On November 8th, 2019, 212 days after he had taken office, McAleenan amended the succession order yet again to ensure that Chad Wolf — Trump’s favored choice — would become acting secretary and then stepped down from office. This time, he amended the correct portion of the succession order. But the unfortunate part of being an illegal secretary of homeland security is that the things you do are not legal. Under both the original succession order and Kirstjen Nielsen’s incorrectly amended succession order, Chad Wolf was not the next in line. He had been made acting head through the actions of an already illegal acting head; he was a doubly illegal acting secretary of homeland security.
The Government Accountability Office called foul on the DHS succession in August 2020. In a reflection of the extraordinary chaos afoot, DHS responded to the government’s own watchdog agency with an inexplicably combative letter calling the report’s conclusions “baseless and baffling” and demanding that GAO “rescind its erroneous report immediately.” The letter was signed by yet another Chad — Chad Mizelle — who was also one of Trump’s actings, an official who was “performing the duties of the general counsel.” (The general counsel who had assisted Nielsen with her resignation had since been fired by the White House, possibly because he had pushed back too many times on Trump’s more legally dubious plans around immigration). The Mizelle letter included a picture of McAleenan and Nielsen, credited to the @DHSgov Twitter, as though it were proof that McAleenan had legally become the acting secretary, and ended with a strange ad hominem attack on a staffer that Mizelle claimed was the real author of the report, a junior attorney who “appears to have limited experience practicing law — having graduated from law school only three years ago.” (At the time, Chad Mizelle was seven whole years out of law school).
Shortly after the GAO report was released, Trump would officially nominate Wolf for the job. But the nomination itself couldn’t fix the illegal succession — and in any case, the nomination never went through.
For those on the outside looking in, Chad Wolf’s tenure would mostly be remembered for the battle of Portland. Wolf also oversaw an increasingly hostile immigration policy. He suspended — or rather, attempted to suspend — the Deferred Action for Childhood Arrivals (DACA) program. He made sweeping changes to the asylum system that, among other things, would have disqualified many refugees fleeing domestic abuse or anti-LGBTQ persecution. “These regulations aimed to strip immigrants of basic rights to work authorization and due process,” said Zachary Manfredi, an attorney with the Asylum Seeker Advocacy Project, who spearheaded litigation that tested the legality of Wolf’s appointment in court.
Undocumented and semi-documented immigrants — human beings who are declared “illegal” in the mainstream rhetoric of the Republican Party — face overwhelming odds. They are left to navigate an inscrutable legal and regulatory code in a language they may or may not have facility in, often with limited access to legal counsel. Their fates frequently rest on the paperwork they have or have not filed, the declarations they have or have not made. The moment they set foot on American soil, unseen timers begin a countdown. For them, their entire lives can hinge on being able to prove themselves to the great and towering machine of bureaucracy.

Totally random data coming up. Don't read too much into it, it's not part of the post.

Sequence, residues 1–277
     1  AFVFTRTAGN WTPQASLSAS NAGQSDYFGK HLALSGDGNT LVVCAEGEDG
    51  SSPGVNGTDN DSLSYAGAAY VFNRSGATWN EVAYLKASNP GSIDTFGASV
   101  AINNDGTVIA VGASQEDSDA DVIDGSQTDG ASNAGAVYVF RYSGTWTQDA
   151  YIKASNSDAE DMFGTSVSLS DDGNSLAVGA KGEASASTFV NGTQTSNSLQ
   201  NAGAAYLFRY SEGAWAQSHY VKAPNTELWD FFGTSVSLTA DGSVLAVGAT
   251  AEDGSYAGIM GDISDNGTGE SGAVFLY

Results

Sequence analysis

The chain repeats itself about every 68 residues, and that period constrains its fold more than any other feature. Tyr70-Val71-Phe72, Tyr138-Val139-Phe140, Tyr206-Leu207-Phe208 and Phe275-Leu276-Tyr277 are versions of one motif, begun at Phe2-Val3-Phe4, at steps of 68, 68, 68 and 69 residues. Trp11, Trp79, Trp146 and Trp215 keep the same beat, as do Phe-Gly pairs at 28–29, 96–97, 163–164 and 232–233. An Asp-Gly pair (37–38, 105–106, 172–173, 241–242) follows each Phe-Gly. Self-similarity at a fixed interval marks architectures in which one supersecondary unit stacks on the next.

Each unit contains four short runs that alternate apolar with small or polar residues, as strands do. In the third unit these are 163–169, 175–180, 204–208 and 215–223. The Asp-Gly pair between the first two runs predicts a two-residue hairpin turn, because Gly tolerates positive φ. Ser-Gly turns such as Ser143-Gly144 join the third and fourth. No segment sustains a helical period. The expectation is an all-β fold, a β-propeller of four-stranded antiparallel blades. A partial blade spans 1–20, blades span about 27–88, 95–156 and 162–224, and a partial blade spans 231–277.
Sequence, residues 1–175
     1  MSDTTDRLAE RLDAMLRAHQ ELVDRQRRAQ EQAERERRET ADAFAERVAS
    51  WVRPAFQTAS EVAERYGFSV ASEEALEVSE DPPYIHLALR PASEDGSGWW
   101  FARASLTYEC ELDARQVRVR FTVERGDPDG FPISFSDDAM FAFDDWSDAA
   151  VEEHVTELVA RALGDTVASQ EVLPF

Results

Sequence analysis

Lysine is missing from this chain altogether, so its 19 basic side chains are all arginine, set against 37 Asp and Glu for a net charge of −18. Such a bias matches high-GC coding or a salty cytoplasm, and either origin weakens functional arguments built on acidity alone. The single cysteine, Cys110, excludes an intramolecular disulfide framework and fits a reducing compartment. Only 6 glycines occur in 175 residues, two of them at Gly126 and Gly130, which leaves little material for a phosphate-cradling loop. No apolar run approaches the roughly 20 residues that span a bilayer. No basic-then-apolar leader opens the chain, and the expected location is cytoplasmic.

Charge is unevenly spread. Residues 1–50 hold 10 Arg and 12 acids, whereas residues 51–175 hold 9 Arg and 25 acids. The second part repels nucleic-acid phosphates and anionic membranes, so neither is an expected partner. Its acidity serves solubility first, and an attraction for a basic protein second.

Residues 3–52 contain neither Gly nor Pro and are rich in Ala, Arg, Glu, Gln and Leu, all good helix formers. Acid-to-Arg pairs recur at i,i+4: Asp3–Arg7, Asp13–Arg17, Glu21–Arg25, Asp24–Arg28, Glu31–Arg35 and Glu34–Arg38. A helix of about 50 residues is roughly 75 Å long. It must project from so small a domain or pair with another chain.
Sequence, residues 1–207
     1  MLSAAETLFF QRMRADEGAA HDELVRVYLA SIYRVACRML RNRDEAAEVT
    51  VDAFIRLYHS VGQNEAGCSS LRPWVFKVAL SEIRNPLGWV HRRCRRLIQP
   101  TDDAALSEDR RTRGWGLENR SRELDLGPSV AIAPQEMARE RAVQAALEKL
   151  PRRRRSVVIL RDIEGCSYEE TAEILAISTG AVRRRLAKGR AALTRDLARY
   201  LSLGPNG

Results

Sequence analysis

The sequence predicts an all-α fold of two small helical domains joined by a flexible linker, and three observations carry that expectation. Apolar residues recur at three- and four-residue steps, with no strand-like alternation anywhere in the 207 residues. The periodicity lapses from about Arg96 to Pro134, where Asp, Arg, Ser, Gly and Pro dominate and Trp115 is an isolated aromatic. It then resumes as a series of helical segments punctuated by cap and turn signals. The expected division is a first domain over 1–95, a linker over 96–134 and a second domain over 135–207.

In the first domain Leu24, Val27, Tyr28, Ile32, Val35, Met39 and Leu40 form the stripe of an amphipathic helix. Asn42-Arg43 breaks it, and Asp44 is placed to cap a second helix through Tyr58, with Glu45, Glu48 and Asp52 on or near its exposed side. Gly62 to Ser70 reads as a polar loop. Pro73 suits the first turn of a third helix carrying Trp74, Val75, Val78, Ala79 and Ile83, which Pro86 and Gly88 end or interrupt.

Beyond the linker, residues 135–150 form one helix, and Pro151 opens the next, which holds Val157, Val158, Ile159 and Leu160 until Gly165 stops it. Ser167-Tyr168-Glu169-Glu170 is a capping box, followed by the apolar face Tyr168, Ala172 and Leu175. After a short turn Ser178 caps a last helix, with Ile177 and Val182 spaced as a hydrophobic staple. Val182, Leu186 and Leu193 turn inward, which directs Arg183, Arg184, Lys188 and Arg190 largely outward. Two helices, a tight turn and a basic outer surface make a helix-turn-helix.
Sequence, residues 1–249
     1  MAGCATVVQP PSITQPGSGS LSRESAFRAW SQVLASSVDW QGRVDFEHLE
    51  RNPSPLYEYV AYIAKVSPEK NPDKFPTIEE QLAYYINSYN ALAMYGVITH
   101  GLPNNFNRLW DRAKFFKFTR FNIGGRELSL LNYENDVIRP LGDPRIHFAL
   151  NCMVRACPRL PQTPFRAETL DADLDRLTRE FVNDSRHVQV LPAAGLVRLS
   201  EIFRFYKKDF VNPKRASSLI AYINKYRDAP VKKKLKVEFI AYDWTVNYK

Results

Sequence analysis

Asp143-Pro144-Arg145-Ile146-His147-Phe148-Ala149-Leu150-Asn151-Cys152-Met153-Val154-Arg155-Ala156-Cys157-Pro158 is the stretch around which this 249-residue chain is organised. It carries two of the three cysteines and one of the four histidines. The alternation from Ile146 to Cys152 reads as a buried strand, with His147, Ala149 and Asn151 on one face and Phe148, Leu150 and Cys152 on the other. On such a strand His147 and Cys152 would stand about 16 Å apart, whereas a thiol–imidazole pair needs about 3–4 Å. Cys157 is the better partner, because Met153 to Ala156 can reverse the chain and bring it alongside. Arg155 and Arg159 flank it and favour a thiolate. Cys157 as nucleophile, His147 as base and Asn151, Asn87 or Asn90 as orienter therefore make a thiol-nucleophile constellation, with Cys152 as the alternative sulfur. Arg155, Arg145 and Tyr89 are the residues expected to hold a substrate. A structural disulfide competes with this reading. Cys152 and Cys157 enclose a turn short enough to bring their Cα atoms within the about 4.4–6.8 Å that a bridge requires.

Kirstjen Nielsen had all the help of the general counsel of the Department of Homeland Security, and she still filed her paperwork incorrectly. Years later, the Biden administration is paying for that mistake. Biden’s DHS — now headed by a legal, Senate-confirmed secretary — has attempted to retroactively ratify Chad Wolf and Kevin McAleenan’s administrative rulemakings; federal judges have refused to accept this maneuver. These policies originated illegally, and they remain illegal. Laws matter, and the process matters, especially when applied to an agency that inflicts a mercilessly exacting process on so many people.
But these are, in the end, minor inconveniences. The court cases that have taken up the question of the legality of Wolf’s and McAleenan’s tenures have largely been administrative law cases brought by immigration rights groups seeking to block or overturn administrative rules on the basis that they were promulgated by an illegal secretary. These court victories matter to the immigrants who are affected by these rules, but they do not matter to Trump’s illegal secretaries, who will likely not face any personal repercussions for their undocumented time in office.
The actions Chad Wolf ordered in Portland in the summer of 2020 stemmed from Trump’s own obsession with “lawlessness,” and Wolf justified the DHS’s brutality by citing damage to buildings on federal property and violence against law enforcement officers. On January 6th, 2021, a pro-Trump mob would storm federal property and attack federal law enforcement. The next day, Trump withdrew Chad Wolf’s nomination for secretary of homeland security after Wolf urged him to condemn the violence at the Capitol.
There had been a long and predictable lead-up to January 6th, which started with Trump’s refusal to concede and his continuing assertion that the election had been stolen. After Christopher Krebs, the director of the Cybersecurity and Infrastructure Security Agency, openly stated that there were no security anomalies in the 2020 election, Trump fired him via tweet. This was maybe par for the course; Trump had spent the last four years purging various top officials at the Department of Homeland Security for being insufficiently hard-line.
This is the third act, in which Chekhov’s gun makes its inevitable appearance. Krebs was the director of an agency that Trump himself had created in 2018; he had served in that position from the beginning. He was also, according to the last legally amended DHS succession order, the real legal acting secretary of homeland security.